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Like most trains, onboard entertainment was a case of bring-your-own, with the 700T trains equipped with electrical outlets in Business class. Taiwan High Speed Rail also offers a choice of audio channels, with every seat also having a copy of the in-train T-Life magazine. This had write-ups and guides on attractions and activities found along the entire high-speed rail network which serves to boost tourist interest and visitor numbers, a key objective of the project.

   

Owing to the relatively short distance travelled, the trains do not feature a dining car but instead offer vending machines at the vestibules and an onboard trolley service for light meals and beverages. During lunch and dinner hours, boxed meals are also retailed with the same available at the stations at other times.

 

Business class passengers are entitled to a complimentary beverage and snack, as well as bottled water and newspapers. We opted for a cup of hot tea, which was served together with a packaged red bean pancake.

 

Route & Highlights

Running the length of Taiwan’s western corridor, the Taiwan High Speed Rail line begins from its northern terminus at Taipei’s Nangang Station to Zuoying Station outside Kaohsiung, with 10 intermediate stations enroute. Boarding the train at the busy Taipei Main Station, it was a brief 8 minute sprint to Banqiao Station before we sped on underground to leave the greater Taipei metropolis behind.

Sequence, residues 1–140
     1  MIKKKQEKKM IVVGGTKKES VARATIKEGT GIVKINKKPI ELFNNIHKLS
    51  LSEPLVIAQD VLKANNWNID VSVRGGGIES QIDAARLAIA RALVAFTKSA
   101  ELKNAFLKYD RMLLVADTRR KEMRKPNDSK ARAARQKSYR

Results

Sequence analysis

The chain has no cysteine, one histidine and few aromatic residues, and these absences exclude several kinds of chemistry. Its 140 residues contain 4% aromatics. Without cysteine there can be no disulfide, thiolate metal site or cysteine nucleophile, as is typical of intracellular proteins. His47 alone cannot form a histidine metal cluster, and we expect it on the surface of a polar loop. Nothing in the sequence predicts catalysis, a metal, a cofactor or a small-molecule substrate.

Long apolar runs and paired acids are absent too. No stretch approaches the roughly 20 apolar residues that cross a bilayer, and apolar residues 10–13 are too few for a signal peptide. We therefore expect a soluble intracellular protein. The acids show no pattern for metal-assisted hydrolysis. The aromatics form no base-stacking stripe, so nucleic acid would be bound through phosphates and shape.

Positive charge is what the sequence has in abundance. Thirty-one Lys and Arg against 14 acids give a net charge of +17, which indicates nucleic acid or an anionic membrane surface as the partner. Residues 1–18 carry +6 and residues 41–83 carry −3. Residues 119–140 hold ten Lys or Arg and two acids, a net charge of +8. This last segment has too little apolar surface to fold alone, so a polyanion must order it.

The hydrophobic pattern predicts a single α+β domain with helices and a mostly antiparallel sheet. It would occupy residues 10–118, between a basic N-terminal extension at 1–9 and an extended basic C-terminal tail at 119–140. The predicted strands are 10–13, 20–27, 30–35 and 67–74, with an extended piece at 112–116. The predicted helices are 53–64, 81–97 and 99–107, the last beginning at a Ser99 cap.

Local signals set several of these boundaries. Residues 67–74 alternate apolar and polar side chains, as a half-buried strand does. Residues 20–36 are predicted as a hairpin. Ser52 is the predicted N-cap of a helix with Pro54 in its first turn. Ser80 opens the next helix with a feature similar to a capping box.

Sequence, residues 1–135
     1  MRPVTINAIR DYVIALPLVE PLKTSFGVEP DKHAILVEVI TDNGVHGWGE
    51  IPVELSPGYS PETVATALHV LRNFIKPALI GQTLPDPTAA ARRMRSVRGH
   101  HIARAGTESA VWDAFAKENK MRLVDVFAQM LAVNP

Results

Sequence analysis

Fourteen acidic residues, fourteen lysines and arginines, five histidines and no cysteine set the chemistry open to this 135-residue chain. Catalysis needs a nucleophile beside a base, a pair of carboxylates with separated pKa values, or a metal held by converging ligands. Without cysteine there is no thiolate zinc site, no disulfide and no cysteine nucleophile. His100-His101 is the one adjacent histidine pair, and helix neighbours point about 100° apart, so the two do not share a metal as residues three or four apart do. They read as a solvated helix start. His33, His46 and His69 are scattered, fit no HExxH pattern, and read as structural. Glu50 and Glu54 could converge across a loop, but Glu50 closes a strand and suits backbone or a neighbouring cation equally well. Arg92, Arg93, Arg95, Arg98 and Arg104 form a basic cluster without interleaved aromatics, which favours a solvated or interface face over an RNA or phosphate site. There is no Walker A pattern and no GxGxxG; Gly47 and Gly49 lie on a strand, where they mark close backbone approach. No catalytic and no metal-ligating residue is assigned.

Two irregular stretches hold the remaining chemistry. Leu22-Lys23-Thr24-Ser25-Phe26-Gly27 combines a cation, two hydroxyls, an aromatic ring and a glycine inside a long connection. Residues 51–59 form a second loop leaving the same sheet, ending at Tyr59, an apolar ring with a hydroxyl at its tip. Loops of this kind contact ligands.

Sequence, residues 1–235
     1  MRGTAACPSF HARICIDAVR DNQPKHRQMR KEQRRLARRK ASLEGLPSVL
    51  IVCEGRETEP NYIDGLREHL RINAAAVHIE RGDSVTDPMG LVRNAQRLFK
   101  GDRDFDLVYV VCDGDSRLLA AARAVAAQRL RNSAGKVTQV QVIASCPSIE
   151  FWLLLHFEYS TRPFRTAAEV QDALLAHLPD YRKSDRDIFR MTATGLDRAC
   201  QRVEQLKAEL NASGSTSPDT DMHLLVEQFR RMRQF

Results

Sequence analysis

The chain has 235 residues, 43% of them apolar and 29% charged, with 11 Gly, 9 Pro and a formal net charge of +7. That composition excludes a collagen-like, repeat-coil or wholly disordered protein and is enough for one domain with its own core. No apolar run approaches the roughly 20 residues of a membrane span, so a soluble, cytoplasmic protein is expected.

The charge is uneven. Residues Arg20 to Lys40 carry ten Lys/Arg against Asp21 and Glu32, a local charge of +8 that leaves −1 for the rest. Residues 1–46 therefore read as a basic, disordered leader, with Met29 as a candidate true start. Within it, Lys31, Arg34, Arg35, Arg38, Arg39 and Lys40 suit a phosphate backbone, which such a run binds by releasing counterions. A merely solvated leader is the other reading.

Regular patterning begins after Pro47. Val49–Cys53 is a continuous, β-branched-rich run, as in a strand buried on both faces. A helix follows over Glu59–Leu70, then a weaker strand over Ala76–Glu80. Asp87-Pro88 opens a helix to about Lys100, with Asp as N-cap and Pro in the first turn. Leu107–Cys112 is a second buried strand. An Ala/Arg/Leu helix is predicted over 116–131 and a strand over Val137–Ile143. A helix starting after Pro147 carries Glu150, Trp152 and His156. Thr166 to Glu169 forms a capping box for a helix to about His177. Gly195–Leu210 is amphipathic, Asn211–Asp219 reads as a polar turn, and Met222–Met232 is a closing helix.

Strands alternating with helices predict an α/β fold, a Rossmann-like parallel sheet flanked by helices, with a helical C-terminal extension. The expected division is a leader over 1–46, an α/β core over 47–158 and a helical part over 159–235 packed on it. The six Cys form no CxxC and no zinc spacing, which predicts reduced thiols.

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Service 0141 is operated as one of the fastest on the line, stopping only in Taichung and bypassing all other intermediate stations. Moving above ground, the urban landscrape gradually thinned out nearer Taoyuan and Hsinchu, before giving way to the mountains of Miaoli County and vast expanses of padi fields as we approached central Taiwan.

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We decelerate and pull into Taichung Station on-time at 1620 hrs, with the 700T stopping briefly to take on more passengers, many of whom were heading back to Kaohsiung after a weekend away. The elevated track and outskirt location of the station gave us a good view of the city as the train picked up speed and continued on its way.

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With no more stops ahead, the train accelerated back up to speed. Although rated for a top speed in excess of 300 kilometers per hour, services actually run slightly slower for safety and operational reasons. We quickly pass Changhua, Yunlin, Chiayi and Tainan stations, with farmland giving way to the urban sprawl again as we approached the terminus at Zuoying, where we pull into platform 1A at exactly 1705 hrs.

 

Verdict

In its 9 years of operation, the Taiwan High Speed Rail has proven to be a game changer in the island’s intercity transportation. Inheriting the safety and reliability of the Shinkansen it is based on and coupled with a proven hard product and excellent customer service standards, the system has brought about greater convenience and connectivity for Taiwan’s secondary cities and counties to its largest economic hubs.

 

Taiwan High Speed Rail Corporation

www.thsrc.com.tw